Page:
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Austria.
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Hidden Champions: Austria’s Secret Global Market Leaders

They have managed to reach the top ranks in their respective industry - whether in Europe or on a global level. Nevertheless, they are practically unknown to the general public. The so-called hidden champions go down their own path to success without much fuss - but in an all the more sustainable manner. They are frequently very technologically specialised, do not usually offer popular brand-name products but assert themselves on the international marketplace thanks to sophisticated high-tech components and high product quality. Hidden champions focus on narrowly defined markets with niche products which they sell throughout the world.

Industry leaders with an international orientation

Georg Jungwirth, Professor at the Campus 02 University of Applied Sciences in Graz is an expert in the field of Austria's hidden champions and knows what makes them the way they are. For many years these firms have comprised a focal point of his university's research activities. Jungwirth lists four criteria which have to be fulfilled by a firm in order to be classified as a hidden champion in accordance with the scientific definition:

  • First, these companies are at least the number one, two or three in their industry on the global market or at least the number one firm in Europe.
  • Second, they are not very well known by the general public, and usually operate in the B2B segment.
  • Third, they must be headquartered in Austria.
  • Fourth, their annual revenue must not exceed EUR 200 million.

If their revenue is higher, these companies are considered to be world market leaders. Austrian firms such as Andritz AG, Doppelmayr and Swarovski are assigned to this category. There are about 65 of these major global market leaders in Austria, and Prof. Jungwirth has another 181 hidden champions in his data base, with this figure showing an upward trend. On balance there are close to 250 companies which are either the market leader in Europe or at least the third biggest globally in their industry. "This comprises a relatively high number of companies for a small country like Austria and in an international comparison", Junbgwirth states.

Most of these hidden champions (73 percent) operate in the field of industrial goods. Close to one-fifth of them offer consumer goods, and only seven percent are in the service sector. Close to two-thirds of all hidden champions produce high-tech goods from three industries, namely mechanical engineering, metal processing and the electronics industry.

An international focus

Austria's global market leaders employ a workforce of 373 people on average and generate an annual revenue of EUR 56 million. Another key characteristic of these firms is the high average export ratio of 85%. For these firms, internationalisation is usually a key issue from the very beginning, in light of the fact that the domestic market is too small for the respective product in most cases. One example is Schiebel, a company based in Vienna. It is a globally leader manufacturer of mine detectors and unmanned aircraft. Demand for these products in Austria is infinitesimally small, and the lion's share is exported abroad. In addition to Schiebel, companies such as Geislinger (clutch adjusters, Tupack (packaging) and Ovotherm (packaging) are "export champions".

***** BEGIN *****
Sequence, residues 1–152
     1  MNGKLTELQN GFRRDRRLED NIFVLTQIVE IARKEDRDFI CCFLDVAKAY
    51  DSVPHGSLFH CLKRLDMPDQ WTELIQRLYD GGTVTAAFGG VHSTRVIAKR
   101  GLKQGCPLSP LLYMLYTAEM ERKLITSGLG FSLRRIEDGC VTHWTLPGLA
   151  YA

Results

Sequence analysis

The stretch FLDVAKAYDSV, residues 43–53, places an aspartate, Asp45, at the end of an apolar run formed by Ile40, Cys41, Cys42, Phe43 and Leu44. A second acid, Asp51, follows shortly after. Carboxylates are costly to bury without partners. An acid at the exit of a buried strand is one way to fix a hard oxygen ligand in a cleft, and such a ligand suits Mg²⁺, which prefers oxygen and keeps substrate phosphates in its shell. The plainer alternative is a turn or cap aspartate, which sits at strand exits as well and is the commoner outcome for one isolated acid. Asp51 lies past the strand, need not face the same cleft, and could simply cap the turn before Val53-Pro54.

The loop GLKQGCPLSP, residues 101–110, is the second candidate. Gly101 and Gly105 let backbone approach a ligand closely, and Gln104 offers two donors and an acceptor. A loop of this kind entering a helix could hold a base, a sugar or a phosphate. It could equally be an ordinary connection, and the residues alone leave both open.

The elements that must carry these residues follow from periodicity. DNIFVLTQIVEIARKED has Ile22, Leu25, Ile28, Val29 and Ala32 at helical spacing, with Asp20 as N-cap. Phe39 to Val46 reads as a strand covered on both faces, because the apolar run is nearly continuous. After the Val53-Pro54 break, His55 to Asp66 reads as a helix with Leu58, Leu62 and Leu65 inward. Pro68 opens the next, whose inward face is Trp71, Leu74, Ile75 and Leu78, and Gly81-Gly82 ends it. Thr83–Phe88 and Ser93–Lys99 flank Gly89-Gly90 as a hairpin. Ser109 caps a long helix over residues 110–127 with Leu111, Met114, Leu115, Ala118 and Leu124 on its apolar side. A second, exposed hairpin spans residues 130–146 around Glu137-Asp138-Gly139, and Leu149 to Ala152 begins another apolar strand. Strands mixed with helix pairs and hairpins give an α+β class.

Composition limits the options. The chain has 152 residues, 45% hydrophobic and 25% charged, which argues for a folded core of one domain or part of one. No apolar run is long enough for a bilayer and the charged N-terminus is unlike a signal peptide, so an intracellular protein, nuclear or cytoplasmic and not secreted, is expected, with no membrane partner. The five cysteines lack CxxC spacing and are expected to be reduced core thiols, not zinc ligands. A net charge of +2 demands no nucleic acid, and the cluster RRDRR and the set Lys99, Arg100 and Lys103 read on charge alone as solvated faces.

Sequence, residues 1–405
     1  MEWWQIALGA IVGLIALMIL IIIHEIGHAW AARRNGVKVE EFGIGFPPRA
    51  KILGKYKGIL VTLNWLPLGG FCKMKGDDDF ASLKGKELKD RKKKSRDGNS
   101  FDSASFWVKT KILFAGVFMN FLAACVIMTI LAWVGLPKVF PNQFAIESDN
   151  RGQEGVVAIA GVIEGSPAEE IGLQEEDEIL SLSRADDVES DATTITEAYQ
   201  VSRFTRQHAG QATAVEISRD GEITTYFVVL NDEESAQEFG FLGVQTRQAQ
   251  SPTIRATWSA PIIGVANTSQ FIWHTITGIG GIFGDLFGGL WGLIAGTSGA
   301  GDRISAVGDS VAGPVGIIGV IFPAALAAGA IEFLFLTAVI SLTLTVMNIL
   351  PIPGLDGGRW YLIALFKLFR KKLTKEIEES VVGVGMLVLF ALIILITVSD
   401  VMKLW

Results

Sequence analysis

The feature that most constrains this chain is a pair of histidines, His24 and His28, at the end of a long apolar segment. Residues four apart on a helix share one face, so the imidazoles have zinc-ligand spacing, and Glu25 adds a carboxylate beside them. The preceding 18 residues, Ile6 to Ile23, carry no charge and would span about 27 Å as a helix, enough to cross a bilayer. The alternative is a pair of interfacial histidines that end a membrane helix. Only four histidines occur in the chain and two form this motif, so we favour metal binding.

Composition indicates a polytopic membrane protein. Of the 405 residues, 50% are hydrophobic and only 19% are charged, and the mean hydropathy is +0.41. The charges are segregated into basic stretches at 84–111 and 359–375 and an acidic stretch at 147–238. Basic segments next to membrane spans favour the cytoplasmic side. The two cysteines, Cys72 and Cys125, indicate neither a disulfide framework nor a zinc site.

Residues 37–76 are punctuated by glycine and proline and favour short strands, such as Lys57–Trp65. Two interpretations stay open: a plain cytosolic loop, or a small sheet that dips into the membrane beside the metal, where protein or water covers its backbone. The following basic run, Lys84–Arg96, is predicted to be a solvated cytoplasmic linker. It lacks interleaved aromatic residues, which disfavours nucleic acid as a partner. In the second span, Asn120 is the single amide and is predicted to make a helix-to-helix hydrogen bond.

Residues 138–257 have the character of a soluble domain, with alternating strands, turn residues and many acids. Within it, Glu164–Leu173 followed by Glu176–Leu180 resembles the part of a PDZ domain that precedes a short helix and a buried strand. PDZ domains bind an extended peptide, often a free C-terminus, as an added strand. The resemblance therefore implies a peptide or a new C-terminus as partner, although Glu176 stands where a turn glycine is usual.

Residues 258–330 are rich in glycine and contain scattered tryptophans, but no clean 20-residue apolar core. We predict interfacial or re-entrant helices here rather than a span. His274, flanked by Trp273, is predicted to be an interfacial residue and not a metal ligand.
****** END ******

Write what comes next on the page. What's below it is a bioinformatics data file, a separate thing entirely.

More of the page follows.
Family structure and great emphasis on values

What many hidden champions also have in common is the fact that they are family-run businesses with flat hierarchies. The culture and values of the entrepreneurial family shape the company's orientation - with positive effects on the sustainable development of the company's value. The stable value system helps the company to deal with economically uncertain times and provides security and orientation. In turn, this is reflected in the high level of employee satisfaction and in stable, long-term customer relationships.

Many of these companies make the conscious and targeted decision to more or less lead obscure or concealed existences. They do without proactive advertising and do not attempt to generate publicity in the media. In most cases, this is not an essential prerequisite for doing business in the B2B segment. The corporate strategy and objectives are often focused on very long-term periods of time, and over generations. The loyalty of employees to the owners – and vice versa – is usually very high, as the expert Jungwirth is aware of. These firms feature a low rate of workforce fluctuation.

In times of crisis, large industrial groups frequently engage in staff downsizing. In contrast, innovative medium-sized firms also strive to retain their personnel, even in economically difficult times. This pays off when they enter growth phases again. As a result, there is a high probability that employees will remain loyal to the company in the long run.

Strategy to counter the shortage of skilled labour

However, hidden champions are also not immune to the current shortage of specialised employees. In order to find qualified staff, hidden champions increasingly decide to be somewhat more present in the public spotlight and to more strongly rely on employer branding. They also more frequently conclude cooperation agreements with technical colleges or universities of applied sciences, for example at career or recruiting events.

Success factors: product quality and research

Prof. Jungwirth considers the willingness of hidden champions to invest in research and development to be a key factor in their success. According to this expert, hidden champions invest an average of about ten percent of their revenue in R&D, considerably more than large companies.